Fruits of Amalaki and Haritaki were collected in the month of January (2012) and Chitraka was collected in the month of March (2012) from Sasoi Botanical Garden, Gujarat Ayurved University, Jamnagar. Pippali was procured from local market of Jamnagar in March (2012). The drug materials were authenticated and voucher specimens of each drug (Phm 6067/2011, Phm 6033/2011, Phm 6036/2011 and Phm 6034/2010 for Amalaki, Haritaki, Chitraka and Pippali respectively) submitted to Pharmacognosy Laboratory, IPGT and RA, Gujarat Ayurved University, Jamnagar, India. Ingredients were cleaned properly to remove any type of contamination. Washed ingredients were dried and coarse powder was prepared and stored in airtight container until further use. Pentazocine Lactate IP (Fortwin brand, Ranbaxy Laboratories Limited, India) and Diclophenac sodium (Voveran D brand, Novartis India Limited, India) were used as standard drugs.

Preparation of test drugs

Decoction of Amalakyadi Gana was prepared by standard reference given in Sharangadhara Samhita.[11] Coarse powder (50 g) of mixture and 400 ml water was added; boiled on low to medium heat until the liquid portion was reduced to 1/8th part of the original volume (50 ml) and filtered. Alcoholic extract of Amalakyadi Gana was prepared by infusion method.[12] A volume of 400 ml methanol was added to 40 gm coarse powder of sample with occasional shaking, filtered, and liquid portion was evaporated. Yield was 18.69% w/w.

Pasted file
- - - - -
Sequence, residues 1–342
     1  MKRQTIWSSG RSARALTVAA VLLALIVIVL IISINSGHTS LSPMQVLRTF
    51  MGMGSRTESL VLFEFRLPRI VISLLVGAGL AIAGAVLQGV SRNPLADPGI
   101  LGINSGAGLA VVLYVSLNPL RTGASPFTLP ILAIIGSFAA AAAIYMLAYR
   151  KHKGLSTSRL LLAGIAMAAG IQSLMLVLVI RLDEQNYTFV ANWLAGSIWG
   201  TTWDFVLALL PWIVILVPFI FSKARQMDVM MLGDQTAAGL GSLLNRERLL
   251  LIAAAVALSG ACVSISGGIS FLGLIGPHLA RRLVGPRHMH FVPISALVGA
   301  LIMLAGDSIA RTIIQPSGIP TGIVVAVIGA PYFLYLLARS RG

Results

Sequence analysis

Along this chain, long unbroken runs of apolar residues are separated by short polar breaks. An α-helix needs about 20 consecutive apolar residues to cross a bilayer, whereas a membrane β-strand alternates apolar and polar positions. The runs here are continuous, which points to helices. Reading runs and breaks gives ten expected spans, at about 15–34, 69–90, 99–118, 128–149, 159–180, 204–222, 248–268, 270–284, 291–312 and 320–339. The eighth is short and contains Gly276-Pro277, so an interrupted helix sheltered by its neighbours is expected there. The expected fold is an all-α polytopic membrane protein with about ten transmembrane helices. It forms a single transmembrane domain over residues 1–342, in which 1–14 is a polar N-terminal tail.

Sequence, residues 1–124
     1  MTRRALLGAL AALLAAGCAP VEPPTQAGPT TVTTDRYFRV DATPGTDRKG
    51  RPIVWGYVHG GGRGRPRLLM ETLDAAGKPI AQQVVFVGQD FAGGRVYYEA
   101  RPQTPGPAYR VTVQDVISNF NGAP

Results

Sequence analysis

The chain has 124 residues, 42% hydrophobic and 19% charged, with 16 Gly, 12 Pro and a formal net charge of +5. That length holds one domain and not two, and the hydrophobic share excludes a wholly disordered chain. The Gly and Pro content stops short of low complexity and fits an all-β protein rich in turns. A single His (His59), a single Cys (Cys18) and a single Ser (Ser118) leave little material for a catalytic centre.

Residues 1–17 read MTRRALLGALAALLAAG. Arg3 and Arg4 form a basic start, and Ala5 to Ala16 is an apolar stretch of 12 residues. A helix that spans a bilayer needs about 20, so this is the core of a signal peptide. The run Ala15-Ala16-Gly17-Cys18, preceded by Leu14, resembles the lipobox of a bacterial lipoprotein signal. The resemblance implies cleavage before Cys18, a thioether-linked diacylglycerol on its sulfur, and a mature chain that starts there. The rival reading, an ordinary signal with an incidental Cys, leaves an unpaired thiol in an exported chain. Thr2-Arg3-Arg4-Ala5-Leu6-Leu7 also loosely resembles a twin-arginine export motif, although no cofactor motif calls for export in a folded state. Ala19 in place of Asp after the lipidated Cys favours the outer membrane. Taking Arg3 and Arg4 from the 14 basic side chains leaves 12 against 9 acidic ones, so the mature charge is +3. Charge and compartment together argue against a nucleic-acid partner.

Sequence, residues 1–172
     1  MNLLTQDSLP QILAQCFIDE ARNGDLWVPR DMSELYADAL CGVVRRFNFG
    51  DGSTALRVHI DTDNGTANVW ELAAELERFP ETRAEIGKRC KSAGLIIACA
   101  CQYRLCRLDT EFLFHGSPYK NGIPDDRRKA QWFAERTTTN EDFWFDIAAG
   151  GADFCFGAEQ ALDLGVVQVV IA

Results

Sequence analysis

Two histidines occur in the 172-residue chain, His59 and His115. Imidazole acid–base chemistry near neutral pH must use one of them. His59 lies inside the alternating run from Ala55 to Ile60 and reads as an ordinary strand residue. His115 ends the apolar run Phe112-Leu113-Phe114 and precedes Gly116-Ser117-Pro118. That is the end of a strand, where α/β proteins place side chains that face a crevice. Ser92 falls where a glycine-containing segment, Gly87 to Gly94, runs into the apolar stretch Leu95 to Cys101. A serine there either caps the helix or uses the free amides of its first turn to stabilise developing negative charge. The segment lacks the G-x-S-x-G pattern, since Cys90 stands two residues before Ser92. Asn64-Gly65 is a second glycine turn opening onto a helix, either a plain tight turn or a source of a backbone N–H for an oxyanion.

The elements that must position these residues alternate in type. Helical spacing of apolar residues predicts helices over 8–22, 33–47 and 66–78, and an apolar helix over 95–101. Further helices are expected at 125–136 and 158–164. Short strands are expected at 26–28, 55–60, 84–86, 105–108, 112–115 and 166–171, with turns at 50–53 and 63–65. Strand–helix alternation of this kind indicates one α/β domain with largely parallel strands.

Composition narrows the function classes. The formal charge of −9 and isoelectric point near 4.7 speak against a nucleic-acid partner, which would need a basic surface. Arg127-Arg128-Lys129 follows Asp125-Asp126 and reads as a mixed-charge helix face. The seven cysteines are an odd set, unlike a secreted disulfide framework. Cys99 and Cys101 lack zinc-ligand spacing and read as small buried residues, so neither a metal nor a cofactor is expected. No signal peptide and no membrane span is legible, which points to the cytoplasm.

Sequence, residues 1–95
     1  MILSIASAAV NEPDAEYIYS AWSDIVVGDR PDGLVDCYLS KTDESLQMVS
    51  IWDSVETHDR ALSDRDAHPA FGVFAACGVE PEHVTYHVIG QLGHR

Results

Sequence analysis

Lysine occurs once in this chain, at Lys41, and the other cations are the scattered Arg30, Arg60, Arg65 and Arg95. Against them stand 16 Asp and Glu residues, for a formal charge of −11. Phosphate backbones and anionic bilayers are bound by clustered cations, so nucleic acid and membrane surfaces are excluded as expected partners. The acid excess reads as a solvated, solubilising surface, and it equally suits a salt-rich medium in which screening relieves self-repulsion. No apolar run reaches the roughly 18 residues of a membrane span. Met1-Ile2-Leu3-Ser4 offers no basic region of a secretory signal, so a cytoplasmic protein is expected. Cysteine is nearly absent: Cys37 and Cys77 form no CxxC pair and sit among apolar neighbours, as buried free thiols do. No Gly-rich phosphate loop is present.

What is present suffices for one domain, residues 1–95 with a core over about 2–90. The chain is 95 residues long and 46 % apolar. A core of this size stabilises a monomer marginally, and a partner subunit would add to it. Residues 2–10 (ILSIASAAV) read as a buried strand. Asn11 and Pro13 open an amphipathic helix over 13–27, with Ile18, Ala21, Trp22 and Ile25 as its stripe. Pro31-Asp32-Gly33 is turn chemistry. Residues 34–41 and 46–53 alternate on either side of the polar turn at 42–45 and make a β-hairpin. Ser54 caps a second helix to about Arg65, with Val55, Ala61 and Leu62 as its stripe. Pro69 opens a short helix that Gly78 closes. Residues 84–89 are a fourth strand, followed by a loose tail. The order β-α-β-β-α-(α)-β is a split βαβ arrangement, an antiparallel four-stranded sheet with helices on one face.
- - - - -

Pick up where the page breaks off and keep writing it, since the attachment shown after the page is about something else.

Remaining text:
Animals

Wistar albino rats (200 ± 20 g) of either sex were used for the study. The rats were acclimatized to laboratory condition for 7 days before commencement of the experiment. The animals were maintained under standard laboratory conditions in terms of 12 h light and dark cycle, temperature (23 ± 2°C) and relative humidity (50–60%) with access to Amrut brand rat pellet feed and drinking water ad libitum. Food was withdrawn overnight before and during the experimental hours. The experimental protocol was approved by the Institutional Animal Ethical Committee (IAEC/12/2013/07) as per guideline of Committee for the Purpose of Control and Supervision on Experiments on Animals, India.

Dose calculation

The dose for experimental study was calculated by extrapolating the human dose to animal dose based on the body surface area ratio using the table of Paget and Barnes.[13] Accordingly human therapeutic dose of decoction (50 ml/day) converted to rat dose as 4.5 ml/kg and alcoholic extract (500 mg/day) converted to rat dose as 45 mg/kg, orally. Rat dose of test drug was fixed on the basis of human therapeutic dose mentioned in the literature.[11]

Antipyretic activity